Learning Kitchen: Ramen 100% from Scratch

There’s something really satisfying about making food from scratch, more so when the food you’re making is also a restaurant favorite. Magneto says the ramen we’ve been eating in restaurants this whole time pale in comparison to last night’s homemade five-protein ramen explosion – and, aside from my not boiling the soft-boiled eggs long enough, I think he’s right.

Start with the broth. If you do it like me, you’ll do it for two full 10-hour cycles in your slow-cooker. The pot will be filled with sake, low sodium soy sauce, dried kombu, chicken wings, chicken backs, a pork bone, onions, garlic, ginger, onion, and a little miso paste.

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While that’s going and you’re just about to overnight it, cover some pork belly in equal parts sugar and salt, some fresh black pepper, and some minced garlic if you’re feeling frisky. Cover and refrigerate, go to sleep.

Then, after brunch, work on the chashu pork. Take a pork belly, roll it up and tie it tight. Simmer together in a dutch oven low sodium soy sauce, mirin, sake, scallions, lots of ginger, some garlic, and a little water or salt-free chicken stock. Put the pork belly in, place the cover slightly ajar, and roast for about 4 hours in a 275F oven, rolling the pork a quarter every hour. Let cool, then wrap loosely and refrigerate. Jar up that sauce because it’s black gold, I promise.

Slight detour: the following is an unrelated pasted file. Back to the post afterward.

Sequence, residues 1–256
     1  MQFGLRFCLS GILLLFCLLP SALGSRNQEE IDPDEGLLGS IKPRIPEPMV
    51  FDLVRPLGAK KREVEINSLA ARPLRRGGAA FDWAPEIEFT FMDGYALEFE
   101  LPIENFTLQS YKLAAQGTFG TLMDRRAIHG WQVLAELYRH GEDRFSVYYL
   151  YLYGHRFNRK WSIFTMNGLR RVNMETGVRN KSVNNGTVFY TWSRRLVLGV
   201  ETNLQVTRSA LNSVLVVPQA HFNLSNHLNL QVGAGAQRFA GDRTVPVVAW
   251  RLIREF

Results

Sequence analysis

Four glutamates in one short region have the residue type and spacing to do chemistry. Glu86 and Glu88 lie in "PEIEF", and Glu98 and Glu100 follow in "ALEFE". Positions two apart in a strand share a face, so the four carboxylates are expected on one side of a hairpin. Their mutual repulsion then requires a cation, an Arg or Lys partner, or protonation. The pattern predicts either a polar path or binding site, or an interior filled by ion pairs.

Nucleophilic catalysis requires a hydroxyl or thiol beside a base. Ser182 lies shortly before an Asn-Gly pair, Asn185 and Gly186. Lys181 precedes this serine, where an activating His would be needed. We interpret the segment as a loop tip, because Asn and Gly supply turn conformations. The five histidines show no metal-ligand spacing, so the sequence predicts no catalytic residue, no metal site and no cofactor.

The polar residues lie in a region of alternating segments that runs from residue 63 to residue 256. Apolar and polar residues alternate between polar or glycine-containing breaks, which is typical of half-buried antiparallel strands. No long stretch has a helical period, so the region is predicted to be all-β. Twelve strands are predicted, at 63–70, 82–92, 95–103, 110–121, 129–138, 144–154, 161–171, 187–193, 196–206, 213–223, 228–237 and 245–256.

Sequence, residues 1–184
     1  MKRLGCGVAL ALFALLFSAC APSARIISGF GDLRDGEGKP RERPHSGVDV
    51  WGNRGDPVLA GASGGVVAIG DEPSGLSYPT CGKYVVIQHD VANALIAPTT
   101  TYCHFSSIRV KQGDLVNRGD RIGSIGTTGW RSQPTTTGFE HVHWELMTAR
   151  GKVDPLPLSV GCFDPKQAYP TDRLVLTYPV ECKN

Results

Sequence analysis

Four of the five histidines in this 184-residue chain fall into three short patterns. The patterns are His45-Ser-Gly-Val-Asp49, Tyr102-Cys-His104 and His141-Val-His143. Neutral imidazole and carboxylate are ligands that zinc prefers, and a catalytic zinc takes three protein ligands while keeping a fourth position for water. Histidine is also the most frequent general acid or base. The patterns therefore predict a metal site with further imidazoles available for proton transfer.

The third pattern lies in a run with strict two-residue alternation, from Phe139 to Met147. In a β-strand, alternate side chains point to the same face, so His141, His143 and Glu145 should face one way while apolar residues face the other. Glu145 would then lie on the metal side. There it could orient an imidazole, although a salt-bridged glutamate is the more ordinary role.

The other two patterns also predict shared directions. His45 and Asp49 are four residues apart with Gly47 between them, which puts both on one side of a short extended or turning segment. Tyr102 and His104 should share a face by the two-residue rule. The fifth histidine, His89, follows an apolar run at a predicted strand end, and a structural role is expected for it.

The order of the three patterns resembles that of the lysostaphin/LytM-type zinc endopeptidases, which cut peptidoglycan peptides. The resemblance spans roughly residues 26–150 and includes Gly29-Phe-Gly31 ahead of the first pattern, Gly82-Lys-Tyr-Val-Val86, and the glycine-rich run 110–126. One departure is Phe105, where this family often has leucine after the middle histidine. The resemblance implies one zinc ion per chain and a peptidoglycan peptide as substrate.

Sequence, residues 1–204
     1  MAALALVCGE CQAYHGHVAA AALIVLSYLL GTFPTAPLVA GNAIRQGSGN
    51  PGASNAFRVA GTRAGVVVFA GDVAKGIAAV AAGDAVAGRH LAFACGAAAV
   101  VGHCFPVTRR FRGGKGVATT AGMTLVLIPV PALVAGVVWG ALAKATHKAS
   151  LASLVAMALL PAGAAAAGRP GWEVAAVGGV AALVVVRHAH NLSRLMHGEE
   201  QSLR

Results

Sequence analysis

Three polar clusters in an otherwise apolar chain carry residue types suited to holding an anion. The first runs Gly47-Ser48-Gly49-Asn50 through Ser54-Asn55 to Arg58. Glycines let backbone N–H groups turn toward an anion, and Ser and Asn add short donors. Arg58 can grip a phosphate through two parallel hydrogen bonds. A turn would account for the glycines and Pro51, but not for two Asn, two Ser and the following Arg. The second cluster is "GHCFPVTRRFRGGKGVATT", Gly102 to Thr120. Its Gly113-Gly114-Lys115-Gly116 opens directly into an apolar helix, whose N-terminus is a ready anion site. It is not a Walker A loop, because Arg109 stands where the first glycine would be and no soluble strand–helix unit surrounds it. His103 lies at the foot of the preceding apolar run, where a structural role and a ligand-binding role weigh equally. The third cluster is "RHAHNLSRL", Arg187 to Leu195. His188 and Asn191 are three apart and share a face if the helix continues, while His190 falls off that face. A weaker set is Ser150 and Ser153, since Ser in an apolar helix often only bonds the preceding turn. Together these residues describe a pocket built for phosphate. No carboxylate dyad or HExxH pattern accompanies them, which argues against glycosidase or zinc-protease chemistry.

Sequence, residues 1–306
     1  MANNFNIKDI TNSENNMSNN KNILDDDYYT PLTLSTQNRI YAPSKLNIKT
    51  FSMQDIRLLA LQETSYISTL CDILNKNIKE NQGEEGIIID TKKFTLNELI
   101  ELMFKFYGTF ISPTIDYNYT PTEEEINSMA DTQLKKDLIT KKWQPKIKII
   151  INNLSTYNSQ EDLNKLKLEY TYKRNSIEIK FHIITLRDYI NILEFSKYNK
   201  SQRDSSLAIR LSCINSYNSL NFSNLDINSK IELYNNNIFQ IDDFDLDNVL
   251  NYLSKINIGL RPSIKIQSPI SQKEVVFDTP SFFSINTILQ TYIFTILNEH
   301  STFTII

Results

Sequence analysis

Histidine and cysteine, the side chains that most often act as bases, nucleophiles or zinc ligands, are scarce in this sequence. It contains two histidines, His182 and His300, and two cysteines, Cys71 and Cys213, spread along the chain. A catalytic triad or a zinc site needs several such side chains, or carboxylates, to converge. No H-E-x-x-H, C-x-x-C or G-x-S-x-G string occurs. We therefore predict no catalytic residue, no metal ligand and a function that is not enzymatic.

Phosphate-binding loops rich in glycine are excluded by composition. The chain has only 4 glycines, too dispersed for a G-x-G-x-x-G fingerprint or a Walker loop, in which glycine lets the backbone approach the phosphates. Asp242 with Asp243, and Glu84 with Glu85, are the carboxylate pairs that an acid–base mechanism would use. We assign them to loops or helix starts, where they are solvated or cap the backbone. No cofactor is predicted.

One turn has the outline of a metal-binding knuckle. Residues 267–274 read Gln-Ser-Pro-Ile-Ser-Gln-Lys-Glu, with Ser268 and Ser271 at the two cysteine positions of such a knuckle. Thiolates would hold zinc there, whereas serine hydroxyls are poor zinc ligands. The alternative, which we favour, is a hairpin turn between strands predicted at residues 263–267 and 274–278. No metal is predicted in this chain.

Make noodles from scratch: flour, eggs, baking powder, warm water, and salt. Mix, knead, cover, rest for an hour. You should rest then, too. After an hour, separate dough into six or eight golf ball-sized balls and run through grinder with pasta attachment on standing mixer, or use pasta maker to make spaghetti-size noodles. I tried using a real pasta machine, and it didn’t cut through, so maybe go with the grinder like I did. Hang noodles until ready to cook.

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Get the cured pork belly going by scraping off a bunch of the salt/sugar stuff and roasting for an hour in a 475F oven. After that hour, turn oven to 275F and roast until tender but not mushy (about an hour per pound). Wrap tightly, put in fridge, slice into cubes or slices right before serving – toss into a hot pan for a few minutes on each side if you want extra crunch.

If you’re thinking pork is a good protein, but maybe you want something that’s a little more lean, take some of the leftover chashu pan drippings and heat in a nonstick pan. When it loosens up, add in about a pound of ground chicken and cook until done.

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Maybe you also want some tofu. Slice up extra firm tofu into whatever size and shape you like, and sauté in sesame oil, soy sauce, and white pepper. Yup.

Learn how to soft boil an egg. I messed it up, so I offer no advice on this.

Get broth boiling again, then cook noodles in it. Make bowls of ramen: noodles, broth, chashu pork, cured crispy pork belly, tofu. Egg and chicken on the side, or in the bowl.

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I think I have to make this twice a month now, or face a revolt from my partner in food. Oops!

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